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Mar 15, 2007 (Vol. 27, No. 6)


  • Useful information
  • Difficult access to info
The name of this site caught my eye first. Sounding like the name of a cheap science fiction monster, FUGOID is actually an acronym for Function Genomics of Organellar Introns Database. Jeez—reality is almost always more boring than one’s imagination. That’s not to say, however, that the site is not useful. Indeed, introns in organelle genomes are of considerable interest for their ability to self splice. Add to that their ability to act as mobile genetic elements, and you have a lively set of jumping genes. The database allows users numerous search options, including by reference and by intron information. The latter includes over 15 specifiable criteria, including gene name, sequence, size, genome, mitochondria/chloroplast, and more. With so many options, I expected a truly enormous database, but in reality, there appeared to be just over 400 entries. Worse, access to the info was kind of clunky—one has to follow specific instructions for entering text into the search boxes. This number of entries could easily be presented in a list and this option should be considered by the site’s designers.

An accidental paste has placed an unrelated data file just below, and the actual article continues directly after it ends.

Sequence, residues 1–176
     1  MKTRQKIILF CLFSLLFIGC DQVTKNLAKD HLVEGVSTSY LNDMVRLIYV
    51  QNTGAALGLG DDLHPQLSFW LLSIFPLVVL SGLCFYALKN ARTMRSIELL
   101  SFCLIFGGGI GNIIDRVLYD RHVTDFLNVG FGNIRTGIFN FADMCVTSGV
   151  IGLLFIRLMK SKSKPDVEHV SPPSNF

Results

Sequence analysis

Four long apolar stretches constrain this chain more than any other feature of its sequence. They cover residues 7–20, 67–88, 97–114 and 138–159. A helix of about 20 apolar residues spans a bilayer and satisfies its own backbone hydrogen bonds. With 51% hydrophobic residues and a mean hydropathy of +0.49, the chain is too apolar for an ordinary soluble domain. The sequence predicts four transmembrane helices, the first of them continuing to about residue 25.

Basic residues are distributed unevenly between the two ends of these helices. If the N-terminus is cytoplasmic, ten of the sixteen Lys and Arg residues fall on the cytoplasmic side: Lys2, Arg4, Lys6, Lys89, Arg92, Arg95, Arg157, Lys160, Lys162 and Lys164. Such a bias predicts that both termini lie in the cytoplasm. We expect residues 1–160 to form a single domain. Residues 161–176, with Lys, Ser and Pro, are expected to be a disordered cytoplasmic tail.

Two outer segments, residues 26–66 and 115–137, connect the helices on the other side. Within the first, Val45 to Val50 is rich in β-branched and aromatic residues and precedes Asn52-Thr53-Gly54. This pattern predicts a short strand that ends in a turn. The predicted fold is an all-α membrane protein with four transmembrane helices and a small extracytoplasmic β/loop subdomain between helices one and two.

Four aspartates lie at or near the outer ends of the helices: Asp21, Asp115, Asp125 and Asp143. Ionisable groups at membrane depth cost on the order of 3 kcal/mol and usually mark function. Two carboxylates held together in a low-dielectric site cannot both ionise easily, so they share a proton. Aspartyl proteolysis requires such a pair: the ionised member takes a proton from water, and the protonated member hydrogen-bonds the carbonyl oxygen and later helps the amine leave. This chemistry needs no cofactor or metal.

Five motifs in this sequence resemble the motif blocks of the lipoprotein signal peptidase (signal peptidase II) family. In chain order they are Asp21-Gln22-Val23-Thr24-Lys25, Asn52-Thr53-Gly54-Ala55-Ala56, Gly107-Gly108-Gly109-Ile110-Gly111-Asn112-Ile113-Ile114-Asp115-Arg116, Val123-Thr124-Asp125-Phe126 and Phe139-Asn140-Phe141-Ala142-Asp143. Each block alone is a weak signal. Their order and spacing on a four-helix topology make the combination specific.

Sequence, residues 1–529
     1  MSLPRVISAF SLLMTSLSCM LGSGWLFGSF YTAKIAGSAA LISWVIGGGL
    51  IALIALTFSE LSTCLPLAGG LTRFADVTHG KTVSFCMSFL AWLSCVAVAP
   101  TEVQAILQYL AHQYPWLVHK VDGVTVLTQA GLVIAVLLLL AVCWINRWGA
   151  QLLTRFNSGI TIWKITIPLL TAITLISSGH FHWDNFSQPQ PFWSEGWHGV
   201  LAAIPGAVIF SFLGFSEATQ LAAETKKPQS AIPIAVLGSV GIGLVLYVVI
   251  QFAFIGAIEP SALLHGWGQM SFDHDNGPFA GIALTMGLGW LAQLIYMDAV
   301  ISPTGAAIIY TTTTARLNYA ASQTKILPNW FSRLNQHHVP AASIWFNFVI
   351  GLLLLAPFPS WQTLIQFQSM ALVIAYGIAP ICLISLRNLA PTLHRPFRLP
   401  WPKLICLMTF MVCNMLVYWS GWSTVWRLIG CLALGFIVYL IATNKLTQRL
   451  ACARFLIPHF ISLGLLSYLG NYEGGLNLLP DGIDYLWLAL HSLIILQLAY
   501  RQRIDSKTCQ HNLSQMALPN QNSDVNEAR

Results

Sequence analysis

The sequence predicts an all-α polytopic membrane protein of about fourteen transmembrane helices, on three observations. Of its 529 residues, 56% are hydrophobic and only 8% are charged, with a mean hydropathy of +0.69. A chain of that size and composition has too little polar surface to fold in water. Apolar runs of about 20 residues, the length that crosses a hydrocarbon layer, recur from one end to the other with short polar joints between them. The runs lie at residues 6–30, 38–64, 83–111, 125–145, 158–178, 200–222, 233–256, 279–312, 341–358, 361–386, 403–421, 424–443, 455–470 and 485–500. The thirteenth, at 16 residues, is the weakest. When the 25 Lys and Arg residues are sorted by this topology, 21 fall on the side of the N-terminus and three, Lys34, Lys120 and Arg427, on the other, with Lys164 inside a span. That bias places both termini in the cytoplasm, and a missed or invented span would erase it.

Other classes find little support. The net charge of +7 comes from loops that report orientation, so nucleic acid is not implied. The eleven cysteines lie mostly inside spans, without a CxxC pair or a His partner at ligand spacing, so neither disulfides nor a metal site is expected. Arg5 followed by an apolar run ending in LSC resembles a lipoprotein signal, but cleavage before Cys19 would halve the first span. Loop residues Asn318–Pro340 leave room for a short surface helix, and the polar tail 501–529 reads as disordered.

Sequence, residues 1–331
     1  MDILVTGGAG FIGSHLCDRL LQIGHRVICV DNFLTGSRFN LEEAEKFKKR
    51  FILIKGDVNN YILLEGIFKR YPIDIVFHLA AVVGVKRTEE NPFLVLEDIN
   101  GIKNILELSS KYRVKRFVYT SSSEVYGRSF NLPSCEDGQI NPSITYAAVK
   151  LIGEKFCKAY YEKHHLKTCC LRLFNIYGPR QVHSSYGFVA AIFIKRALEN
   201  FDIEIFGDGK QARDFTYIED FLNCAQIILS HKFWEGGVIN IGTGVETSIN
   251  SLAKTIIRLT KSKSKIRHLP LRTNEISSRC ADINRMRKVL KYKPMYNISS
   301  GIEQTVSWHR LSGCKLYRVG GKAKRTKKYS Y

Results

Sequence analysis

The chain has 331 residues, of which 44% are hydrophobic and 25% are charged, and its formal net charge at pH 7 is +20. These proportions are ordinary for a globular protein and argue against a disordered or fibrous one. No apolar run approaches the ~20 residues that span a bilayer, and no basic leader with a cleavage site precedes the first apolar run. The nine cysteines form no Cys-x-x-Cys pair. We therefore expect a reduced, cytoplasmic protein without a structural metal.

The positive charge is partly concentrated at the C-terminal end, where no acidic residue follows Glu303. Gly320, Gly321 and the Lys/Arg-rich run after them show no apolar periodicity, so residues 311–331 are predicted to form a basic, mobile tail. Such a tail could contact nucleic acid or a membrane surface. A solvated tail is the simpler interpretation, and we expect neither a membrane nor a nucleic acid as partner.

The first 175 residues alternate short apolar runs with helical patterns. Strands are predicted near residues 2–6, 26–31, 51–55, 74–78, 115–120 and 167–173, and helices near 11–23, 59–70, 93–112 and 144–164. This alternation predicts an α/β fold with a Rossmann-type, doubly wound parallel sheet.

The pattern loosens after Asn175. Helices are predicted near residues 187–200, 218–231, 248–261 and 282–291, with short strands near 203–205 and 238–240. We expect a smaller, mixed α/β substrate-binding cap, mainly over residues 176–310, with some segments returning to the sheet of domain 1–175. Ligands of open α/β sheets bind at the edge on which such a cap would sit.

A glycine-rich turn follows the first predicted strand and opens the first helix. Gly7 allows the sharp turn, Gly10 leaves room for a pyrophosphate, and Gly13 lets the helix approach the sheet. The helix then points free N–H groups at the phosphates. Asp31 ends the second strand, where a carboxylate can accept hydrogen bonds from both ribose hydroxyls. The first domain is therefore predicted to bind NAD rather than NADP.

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*The opinions expressed are solely those of the author(s) and should not be construed as reflecting the viewpoints of the publisher, Genetic Engineering & Biotechnology News, Mary Ann Liebert, Inc., the publishing house, or employees and affiliates thereof.

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Scientifically Studying Ecstasy

MDMA (commonly known as the empathogen “ecstasy”) is classified as a Schedule 1 drug, which is reserved for compounds with no accepted medical use and a high abuse potential. Two researchers from Stanford, however, call for a rigorous scientific exploration of MDMA's effects to identify precisely how the drug works, the data from which could be used to develop therapeutic compounds.

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